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New developments ahead for Great Lakes ports as 2023 shipping season kicks off

Port Milwaukee sees addition of multimodal grain facility while Port of Duluth-Superior adds more container shipping service

Officials “break ground” on Port Milwaukee’s new DeLong Agricultural Maritime Export Facility on Wednesday. While construction has not yet started, the crew dug into a bin of dry distiller’s grain, which will be one of the main exports from the new facility. Christine Hatfield/WPR.

Great Lakes ports are gearing up for the start of this year’s shipping season, which is bringing new developments at ports in Duluth-Superior and Milwaukee. The Great Lakes-St. Lawrence Seaway opened to the first vessels of the season Wednesday, and the Soo locks at Sault Ste. Marie in Michigan open on Saturday.

For the first time in years, container shipping service returned to the nation’s furthest inland port in 2022. With the expansion of service, the Port of Duluth-Superior became the only U.S. port besides Cleveland, Ohio, capable of handling maritime container shipments on the Great Lakes-St. Lawrence Seaway System.
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Now, the port is partnering with Amsterdam-based Spliethoff, which is one of the largest shipping lines in the Netherlands. Spliethoff will provide monthly container shipping service to the port for the first time in decades, according to the Duluth Seaway Port Authority. Port officials say they’ll be capable of carrying raw materials, finished goods, and machinery. Goods will be shipped back and forth to Europe.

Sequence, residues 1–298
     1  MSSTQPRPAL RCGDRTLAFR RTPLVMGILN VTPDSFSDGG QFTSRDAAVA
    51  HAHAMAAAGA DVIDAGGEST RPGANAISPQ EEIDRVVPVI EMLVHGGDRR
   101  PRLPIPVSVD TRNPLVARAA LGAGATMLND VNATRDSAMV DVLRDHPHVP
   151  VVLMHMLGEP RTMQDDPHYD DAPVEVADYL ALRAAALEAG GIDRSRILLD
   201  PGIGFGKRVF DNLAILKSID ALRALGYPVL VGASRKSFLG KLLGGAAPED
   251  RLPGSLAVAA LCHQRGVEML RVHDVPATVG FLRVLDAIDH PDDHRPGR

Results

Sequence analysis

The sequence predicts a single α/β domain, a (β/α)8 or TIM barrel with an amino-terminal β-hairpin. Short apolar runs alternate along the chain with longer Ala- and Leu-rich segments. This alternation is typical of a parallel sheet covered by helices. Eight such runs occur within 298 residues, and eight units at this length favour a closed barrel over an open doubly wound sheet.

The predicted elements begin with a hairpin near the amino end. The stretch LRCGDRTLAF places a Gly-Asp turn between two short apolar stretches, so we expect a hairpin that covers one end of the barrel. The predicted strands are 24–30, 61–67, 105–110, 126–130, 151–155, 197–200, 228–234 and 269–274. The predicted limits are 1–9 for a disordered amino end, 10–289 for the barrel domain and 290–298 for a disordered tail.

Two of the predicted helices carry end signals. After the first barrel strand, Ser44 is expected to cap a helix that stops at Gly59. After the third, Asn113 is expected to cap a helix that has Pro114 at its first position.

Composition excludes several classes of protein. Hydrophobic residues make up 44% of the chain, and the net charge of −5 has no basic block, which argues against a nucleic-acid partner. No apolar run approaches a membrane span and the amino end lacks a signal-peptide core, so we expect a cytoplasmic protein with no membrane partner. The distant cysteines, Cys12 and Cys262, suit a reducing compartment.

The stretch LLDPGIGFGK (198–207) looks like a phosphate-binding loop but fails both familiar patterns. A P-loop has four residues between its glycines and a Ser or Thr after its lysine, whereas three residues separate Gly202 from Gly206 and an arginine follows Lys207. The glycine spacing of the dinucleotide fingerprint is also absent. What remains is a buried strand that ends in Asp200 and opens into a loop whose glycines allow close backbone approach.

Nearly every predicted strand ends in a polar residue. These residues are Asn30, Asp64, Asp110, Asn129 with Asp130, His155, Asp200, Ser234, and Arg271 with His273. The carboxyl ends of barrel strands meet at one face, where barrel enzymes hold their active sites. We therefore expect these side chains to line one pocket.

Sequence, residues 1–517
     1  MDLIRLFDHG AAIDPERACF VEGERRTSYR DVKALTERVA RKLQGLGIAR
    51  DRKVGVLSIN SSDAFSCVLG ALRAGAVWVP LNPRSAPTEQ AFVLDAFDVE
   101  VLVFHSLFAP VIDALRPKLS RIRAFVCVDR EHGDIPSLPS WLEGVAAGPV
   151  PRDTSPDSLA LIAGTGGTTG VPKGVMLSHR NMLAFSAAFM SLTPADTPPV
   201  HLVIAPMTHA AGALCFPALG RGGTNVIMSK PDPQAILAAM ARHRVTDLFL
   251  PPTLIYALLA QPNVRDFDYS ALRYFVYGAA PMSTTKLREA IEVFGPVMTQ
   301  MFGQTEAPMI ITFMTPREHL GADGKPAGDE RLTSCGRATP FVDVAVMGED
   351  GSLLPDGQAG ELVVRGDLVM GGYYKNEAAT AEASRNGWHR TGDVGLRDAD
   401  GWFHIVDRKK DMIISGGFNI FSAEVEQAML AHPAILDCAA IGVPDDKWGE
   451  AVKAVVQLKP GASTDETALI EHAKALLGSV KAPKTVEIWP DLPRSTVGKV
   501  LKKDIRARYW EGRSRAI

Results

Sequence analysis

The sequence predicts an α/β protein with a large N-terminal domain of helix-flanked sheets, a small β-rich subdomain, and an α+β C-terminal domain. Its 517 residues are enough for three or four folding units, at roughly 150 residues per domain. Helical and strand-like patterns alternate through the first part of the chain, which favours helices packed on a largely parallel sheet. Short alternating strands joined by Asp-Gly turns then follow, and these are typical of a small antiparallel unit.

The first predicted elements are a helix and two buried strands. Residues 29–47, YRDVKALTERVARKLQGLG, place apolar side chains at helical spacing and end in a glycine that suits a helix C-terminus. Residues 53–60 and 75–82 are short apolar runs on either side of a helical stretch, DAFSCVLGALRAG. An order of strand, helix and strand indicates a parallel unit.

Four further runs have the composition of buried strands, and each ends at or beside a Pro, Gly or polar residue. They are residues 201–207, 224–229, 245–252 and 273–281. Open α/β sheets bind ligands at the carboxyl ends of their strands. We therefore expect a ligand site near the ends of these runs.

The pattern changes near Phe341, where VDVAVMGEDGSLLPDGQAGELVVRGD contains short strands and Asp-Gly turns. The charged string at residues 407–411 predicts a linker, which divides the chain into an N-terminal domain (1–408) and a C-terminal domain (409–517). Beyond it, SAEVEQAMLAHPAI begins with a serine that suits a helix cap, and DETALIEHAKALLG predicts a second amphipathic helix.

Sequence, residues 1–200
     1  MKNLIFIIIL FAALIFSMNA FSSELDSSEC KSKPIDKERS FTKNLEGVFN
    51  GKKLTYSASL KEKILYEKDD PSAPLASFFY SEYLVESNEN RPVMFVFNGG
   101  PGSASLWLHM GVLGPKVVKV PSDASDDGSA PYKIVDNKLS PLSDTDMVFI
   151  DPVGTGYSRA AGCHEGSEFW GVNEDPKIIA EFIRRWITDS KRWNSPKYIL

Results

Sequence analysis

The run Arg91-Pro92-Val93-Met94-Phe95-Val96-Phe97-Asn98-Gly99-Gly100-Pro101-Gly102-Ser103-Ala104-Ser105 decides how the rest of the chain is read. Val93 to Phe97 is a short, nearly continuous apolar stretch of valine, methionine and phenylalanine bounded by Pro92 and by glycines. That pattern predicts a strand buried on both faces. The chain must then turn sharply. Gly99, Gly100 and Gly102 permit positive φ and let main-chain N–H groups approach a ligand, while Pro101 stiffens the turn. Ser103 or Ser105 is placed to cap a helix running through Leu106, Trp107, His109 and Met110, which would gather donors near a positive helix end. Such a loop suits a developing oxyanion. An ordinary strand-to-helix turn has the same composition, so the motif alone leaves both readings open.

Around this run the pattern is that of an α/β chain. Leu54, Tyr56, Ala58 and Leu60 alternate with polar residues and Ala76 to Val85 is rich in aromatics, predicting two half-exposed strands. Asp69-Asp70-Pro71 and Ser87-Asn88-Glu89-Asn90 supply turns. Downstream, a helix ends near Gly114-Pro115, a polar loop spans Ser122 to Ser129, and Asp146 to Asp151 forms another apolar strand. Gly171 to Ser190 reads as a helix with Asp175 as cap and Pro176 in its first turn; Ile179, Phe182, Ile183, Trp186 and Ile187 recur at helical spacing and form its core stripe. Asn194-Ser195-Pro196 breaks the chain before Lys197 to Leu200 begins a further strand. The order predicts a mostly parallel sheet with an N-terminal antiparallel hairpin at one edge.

“That’s a big win from a supply-chain perspective for the region,” said Deb DeLuca, the port authority’s executive director.

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Shipping customers have been seeking other options for container shipping in the face of inadequate rail service and congestion at coastal ports. DeLuca said a global shortage of containers due to supply chain constraints in recent years appears to be easing. The port authority is also planning an $8.5 million expansion of its warehouse space with the addition of 55,000 square feet to support materials moving through its terminal.

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In Milwaukee, construction of the roughly $35 million DeLong Agricultural Maritime Export Facility is ongoing. Jackie Q. Carter, director of Port Milwaukee, said that will introduce new cargo in the form of dried distillers grains — a byproduct from beer and ethanol production that is used in livestock feed.

“We’re hoping in the next few weeks that construction will wrap up,” Carter said. “Of course, you got to go through and make sure everything is sound and ready to go, but we think we’ll probably see some activity as early as May.”

Carter said the final parts of rail construction and inspection are ongoing right now. She said they anticipate the facility will increase tonnage moving through the port by about 400,000 metric tons. The port handled about 2.3 million metric tons last year, which was down about 5 percent from its five-year average.

In the Port of Duluth-Superior, last year marked the lowest year for grain exports since 1890, falling to roughly 644,000 tons. Port officials say it’s difficult to project whether those exports may rebound. DeLuca noted a strong dollar is making it more expensive to move wheat out of Midwest markets compared to international sources. She also highlighted volatility due to Russia’s war in Ukraine.